Ring the Bell

On a meditation retreat this weekend high in the mountains, my job was to ring a bell each morning at 6:55 to remind my cabin mates that the first sit of the day was imminent. Time to pull on coats and boots for the short walk through the snow to the meditation building.

As I picked up the bell the first morning—right on time—I realized everyone had already left. I was alone in the cabin. I felt silly doing it, but gave the bell a shake and quickly put it down, snuffing its ring in mid-clang. I was late for the sit and spent most of it with dark thoughts about whoever designed the schedule so the needless bell ringer had to be late.

Sharon Salzberg tells us in the last guided meditation for her 28-day challenge, “As alone and cut off as we sometimes may feel, the reality, the truth of our existence is that we’re all connected.”  I did not feel connected. Alone and cut off, yes.

Later that day at the mountain retreat, we discussed why the Buddha touched the earth that long night when he sat under the Bodhi tree. Who is there to witness you, the demon Mara mocked. Why do you even think you deserve to be here? He touched the earth.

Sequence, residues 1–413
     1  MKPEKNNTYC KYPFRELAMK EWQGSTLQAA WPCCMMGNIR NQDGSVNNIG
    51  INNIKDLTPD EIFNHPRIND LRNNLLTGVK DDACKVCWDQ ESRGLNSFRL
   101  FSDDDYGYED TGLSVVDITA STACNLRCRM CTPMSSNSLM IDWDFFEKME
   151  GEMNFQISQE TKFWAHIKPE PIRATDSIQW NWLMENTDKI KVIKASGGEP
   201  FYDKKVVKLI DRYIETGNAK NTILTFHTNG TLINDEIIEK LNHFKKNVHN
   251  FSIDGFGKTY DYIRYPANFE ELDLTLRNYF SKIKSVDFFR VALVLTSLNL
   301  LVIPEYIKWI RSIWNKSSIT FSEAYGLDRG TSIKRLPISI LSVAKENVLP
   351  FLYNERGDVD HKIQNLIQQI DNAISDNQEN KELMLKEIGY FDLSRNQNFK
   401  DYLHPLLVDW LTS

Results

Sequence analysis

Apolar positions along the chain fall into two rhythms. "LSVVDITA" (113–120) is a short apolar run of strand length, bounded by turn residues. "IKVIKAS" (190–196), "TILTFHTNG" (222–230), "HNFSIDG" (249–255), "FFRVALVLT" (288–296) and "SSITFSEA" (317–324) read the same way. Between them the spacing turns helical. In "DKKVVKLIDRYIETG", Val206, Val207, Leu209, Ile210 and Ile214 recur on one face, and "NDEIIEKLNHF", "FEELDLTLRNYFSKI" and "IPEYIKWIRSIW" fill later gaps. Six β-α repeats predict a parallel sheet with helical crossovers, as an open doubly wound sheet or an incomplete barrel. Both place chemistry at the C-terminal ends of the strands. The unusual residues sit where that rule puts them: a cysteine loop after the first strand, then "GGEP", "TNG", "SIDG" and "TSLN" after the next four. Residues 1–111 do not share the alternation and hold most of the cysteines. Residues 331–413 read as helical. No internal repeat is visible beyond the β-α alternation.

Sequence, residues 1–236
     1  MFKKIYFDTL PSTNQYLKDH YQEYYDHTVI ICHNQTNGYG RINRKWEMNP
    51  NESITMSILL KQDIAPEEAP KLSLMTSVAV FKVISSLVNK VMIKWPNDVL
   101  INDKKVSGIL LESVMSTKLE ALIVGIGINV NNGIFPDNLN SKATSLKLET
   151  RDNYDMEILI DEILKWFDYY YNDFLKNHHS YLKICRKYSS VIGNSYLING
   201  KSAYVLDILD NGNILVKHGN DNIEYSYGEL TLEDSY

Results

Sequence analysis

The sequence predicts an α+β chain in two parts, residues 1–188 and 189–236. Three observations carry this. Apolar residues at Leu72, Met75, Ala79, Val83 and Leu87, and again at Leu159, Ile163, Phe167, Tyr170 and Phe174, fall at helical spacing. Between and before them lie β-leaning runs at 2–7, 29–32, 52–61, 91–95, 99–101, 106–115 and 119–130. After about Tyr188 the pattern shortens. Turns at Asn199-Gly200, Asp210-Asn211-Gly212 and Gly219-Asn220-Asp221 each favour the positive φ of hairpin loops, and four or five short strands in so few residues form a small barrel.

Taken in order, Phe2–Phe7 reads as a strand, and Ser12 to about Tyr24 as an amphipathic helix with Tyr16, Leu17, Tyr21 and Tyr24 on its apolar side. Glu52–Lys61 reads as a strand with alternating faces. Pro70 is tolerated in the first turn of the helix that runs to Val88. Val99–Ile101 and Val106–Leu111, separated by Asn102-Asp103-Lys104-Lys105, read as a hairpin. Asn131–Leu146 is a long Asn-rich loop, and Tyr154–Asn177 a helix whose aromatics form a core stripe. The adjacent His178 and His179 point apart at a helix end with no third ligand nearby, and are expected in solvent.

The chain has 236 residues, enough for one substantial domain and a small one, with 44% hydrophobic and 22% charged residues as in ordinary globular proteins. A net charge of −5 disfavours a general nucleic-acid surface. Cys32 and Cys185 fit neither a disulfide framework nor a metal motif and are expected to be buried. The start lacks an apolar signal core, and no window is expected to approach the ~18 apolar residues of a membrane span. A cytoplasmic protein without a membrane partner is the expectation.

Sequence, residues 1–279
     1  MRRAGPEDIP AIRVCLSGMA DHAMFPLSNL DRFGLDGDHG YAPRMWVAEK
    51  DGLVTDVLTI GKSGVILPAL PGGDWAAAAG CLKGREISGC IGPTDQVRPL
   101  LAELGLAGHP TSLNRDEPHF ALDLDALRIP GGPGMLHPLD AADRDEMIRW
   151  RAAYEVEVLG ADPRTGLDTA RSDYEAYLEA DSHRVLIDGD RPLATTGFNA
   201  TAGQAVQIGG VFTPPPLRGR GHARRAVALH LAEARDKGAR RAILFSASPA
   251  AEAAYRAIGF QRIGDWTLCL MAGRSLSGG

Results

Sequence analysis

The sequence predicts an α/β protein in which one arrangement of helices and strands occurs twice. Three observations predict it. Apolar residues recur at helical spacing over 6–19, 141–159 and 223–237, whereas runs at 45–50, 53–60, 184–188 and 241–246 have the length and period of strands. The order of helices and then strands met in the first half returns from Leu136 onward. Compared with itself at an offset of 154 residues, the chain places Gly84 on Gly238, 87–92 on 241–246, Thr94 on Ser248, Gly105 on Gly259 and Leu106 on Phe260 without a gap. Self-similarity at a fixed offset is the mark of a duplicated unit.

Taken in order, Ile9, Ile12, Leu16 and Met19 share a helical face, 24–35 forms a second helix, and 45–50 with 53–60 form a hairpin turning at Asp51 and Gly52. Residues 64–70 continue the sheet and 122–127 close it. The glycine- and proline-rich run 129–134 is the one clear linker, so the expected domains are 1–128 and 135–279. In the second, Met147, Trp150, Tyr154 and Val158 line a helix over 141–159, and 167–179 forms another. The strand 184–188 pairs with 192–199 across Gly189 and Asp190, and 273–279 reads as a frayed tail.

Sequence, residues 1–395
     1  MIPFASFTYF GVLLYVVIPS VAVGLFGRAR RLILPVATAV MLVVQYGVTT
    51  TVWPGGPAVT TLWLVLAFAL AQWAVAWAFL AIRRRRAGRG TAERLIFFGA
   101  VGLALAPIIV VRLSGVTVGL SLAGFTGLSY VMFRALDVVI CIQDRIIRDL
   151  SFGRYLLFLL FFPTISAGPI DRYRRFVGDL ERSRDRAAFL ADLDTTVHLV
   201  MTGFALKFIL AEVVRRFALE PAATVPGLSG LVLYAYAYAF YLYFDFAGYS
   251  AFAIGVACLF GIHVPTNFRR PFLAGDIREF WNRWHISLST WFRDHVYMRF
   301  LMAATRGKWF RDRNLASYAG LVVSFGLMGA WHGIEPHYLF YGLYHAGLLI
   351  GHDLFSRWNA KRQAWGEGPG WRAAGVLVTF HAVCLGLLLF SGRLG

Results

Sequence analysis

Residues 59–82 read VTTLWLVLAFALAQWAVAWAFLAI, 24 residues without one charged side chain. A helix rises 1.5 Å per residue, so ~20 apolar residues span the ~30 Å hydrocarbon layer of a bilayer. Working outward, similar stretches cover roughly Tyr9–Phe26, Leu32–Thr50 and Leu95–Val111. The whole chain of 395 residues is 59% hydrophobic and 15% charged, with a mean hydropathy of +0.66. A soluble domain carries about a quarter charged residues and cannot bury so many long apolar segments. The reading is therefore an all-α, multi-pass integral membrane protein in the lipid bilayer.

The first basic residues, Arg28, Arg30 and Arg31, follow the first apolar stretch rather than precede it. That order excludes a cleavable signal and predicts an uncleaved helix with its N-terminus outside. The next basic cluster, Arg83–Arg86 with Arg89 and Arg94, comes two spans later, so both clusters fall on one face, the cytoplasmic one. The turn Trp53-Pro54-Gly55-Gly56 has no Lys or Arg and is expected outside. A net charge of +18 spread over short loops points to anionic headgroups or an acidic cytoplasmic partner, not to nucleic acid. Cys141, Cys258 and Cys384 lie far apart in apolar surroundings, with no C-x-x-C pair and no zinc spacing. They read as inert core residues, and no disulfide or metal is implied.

I’d never thought about it like that before: that he deserved to be there. The Buddha himself had to work at the realization that he deserved to be there. Wow.

Sitting with that in silence with my fellow meditators I could feel my connection to them, to the room, to the wind blowing outside, to the mountains that surrounded us. It might sound incredibly daft to many people, but I felt deep inside that I deserved to be there.

So the next morning when I had to ring the bell in the empty cabin, I rang it soft but also long, relishing in the last clear notes.


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